Rory McLeod, currently touring Australia, entertains not only with his skills as a guitarist, harmonica player, tap dancer, spoon player and vocalist but also with the stories told in his songs, many of which he writes himself. He has performed in many places outside the normal entertainment venues, such as on picket lines during the British miners' strike, at the London public meeting for Sinn Fein's Gerry Adams and at Sydney's Long Bay jail supporting Tim Anderson. He is interviewed here by JOHN TOGNOLINI.
What are your songs based on?
I find that I have to respond very carefully to images through the media. A lot of people feel impotent from watching television. I like to make people feel a bit stronger, so I write and sing from direct experience.
You've done historical research in your music, such as the three-year school strike in East Anglia in 1911.
That was about two teachers, husband and wife, one the son of a
farm labourer. The parents they met were mostly farm labourers, so they got them organised, such as electing themselves onto the local council.
The local vicar was a bigot; the church owned the land. When the labourers started fighting for wages and conditions, the church and the big farmers tried to expel the two teachers. they were eventually framed and tarred and feathered. The school kids went on strike in support of their teachers, with their parents backing them up, and it ended up being a running battle for nearly four years.
I heard about it and went down there and researched it, checking out the records and wrote a ballad about it.
You wrote song about school and growing up, Pauline's song.
It's a song about a girl I went to school with. We had a lot of trouble at school because all the school governors were Tory businessmen. That's why the school strike interested me a lot. I got expelled from school for so-called disobedience. The song's somewhat autobiographical; there's me in that song as well Pauline.
Does your personal experience enter your political songs as well, for example "Criminals of Hunger"?
That was a lot to do with me travelling at the time, being away from London and trying to keep in touch with things that were happening there and what was happening in Central America, where I was. This is where I heard about the riots back home in Brixton.
Some of the song I'd written down beforehand. It's basically a story of internationalism, of the fate we share with other people, that we've all got the same battle and share the same fate. I suppose it's quite a long song, but I was trying to say a lot as well.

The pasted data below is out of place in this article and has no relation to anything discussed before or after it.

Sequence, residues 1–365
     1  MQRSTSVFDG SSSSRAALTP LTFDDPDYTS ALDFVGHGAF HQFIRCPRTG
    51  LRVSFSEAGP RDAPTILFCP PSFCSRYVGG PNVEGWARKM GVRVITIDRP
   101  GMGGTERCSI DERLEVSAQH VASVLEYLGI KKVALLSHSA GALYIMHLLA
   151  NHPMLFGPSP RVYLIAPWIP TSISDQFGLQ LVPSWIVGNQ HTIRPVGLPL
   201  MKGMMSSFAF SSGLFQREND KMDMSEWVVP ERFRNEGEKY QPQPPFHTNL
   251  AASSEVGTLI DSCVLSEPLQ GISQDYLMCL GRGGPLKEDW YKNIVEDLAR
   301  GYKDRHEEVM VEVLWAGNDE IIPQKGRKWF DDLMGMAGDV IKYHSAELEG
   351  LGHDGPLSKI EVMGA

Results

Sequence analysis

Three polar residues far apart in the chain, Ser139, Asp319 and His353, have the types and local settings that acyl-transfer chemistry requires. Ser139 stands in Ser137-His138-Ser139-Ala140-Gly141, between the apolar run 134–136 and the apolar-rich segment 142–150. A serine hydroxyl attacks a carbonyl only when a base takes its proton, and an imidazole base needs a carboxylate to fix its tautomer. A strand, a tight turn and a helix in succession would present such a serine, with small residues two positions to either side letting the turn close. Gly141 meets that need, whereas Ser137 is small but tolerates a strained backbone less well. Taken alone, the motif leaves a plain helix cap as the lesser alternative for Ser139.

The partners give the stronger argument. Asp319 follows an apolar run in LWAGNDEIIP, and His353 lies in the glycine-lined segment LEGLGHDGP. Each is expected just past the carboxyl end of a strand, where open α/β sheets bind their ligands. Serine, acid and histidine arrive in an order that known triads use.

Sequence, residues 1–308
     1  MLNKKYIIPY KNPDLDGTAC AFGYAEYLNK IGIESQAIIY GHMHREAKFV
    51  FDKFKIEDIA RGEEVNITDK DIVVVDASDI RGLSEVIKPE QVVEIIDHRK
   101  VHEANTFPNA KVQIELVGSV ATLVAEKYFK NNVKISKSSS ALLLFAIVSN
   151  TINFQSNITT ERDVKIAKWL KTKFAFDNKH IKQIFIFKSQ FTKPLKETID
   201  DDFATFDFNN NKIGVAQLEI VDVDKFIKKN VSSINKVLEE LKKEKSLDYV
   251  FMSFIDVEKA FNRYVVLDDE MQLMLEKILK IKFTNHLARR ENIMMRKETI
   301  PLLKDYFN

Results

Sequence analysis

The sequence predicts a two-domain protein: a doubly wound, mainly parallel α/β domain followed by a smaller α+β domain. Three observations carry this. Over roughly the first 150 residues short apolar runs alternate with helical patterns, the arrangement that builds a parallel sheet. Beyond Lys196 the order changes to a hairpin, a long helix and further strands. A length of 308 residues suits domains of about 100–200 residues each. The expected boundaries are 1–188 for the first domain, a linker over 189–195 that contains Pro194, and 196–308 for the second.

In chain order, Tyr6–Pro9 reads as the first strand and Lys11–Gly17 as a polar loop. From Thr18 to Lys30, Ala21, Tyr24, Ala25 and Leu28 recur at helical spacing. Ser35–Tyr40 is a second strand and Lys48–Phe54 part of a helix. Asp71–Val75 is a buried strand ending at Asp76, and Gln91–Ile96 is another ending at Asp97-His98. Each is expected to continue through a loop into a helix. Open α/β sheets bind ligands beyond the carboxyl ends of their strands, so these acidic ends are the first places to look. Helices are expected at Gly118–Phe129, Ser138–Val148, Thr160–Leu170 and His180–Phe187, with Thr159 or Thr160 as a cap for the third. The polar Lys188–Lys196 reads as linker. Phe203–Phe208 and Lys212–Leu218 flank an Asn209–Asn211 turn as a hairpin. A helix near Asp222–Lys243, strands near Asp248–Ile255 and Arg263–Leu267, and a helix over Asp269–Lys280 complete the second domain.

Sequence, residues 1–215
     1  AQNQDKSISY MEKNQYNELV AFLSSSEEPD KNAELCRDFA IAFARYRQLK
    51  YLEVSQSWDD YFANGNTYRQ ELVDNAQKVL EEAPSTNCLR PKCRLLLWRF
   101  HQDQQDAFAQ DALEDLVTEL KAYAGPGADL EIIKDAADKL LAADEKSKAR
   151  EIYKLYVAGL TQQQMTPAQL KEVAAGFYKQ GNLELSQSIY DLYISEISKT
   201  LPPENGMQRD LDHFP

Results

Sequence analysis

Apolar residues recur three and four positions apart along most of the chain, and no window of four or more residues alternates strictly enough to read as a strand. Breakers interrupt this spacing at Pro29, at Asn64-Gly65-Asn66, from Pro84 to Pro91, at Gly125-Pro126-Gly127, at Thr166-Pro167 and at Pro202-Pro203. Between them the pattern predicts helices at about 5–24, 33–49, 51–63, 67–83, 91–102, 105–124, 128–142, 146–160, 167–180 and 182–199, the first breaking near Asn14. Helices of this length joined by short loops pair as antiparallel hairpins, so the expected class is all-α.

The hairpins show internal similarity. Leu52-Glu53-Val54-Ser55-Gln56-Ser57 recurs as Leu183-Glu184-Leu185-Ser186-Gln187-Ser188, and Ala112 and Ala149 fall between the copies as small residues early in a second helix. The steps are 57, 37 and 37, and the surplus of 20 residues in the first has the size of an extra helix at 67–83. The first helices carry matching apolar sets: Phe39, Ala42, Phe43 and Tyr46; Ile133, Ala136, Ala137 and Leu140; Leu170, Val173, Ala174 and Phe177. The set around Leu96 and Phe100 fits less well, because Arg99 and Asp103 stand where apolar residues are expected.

You did a song about a Turkish political activist who committed suicide when faced with deportation from Germany back to Turkey.
I lived in Hamburg some years ago. There were a lot of Turkish folks that lived in the area I lived in. There's a lot of racism against Turks. They do all the shit jobs, like moving chemical waste.
It's a song about Kemal Altun, who jumped out of a window seven floors up in the police station rather than be sent back to imprisonment and torture in Turkey. I have friends in London who are in exile from Turkey, one whose father is in prison. He was in my mind when I wrote it. So it was a song for him as well and really for all Turks.
What got you involved in the project around Woody Guthrie, Woody Lives, with other musicians in Britain?
Most of the people involved were northerners or had connections with the north, Scotland. In Scotland there's a lot more tradition for country music and cross-Atlantic fertilisation than there is in the south or in London, and it was something we all wanted to do.
A lot of Woody's song are still relevant. His deportees song is still going on: in Jersey, an island which is a bank/tax haven for rich people, they use Portuguese as labourers and send them back before they can get residential visas.
Woody's songs still mean a lot 50 years after they written. So we got together to keep the songs alive and do them our own way, Dick Gaughan and Rab Noates. It was a lot about showing respect to Woody and connecting the roots of folk or protest music.
You're able to make a living out of your music. How have you been able to survive?
I make people feel good through entertainment, which is something I don't hide. I don't just sing political songs all night, because there are ways of reaching out to people and not alienating them. I haven't always relied on record companies and have survived without them. I've had to do other jobs too, farming work and my time in the circus, painting, cooking and labouring jobs.
I've always stood by my own music. People have come back to acoustic or folk — Michelle Shocked, Billy Bragg and the Pogues are a reflection of that.
The folk scene is coming up to date, with songs being taken out of museums and more people making a more popular culture. But I've got lots of friends who are great musicians who don't get work, so it's not an easy thing to get by.